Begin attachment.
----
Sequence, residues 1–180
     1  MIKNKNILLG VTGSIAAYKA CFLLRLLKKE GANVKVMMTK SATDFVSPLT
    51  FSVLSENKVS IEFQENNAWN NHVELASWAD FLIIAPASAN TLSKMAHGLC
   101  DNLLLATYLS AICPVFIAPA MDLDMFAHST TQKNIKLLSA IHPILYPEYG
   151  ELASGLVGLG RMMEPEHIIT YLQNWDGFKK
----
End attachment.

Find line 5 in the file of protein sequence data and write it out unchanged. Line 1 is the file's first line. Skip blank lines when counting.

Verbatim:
   151  ELASGLVGLG RMMEPEHIIT YLQNWDGFKK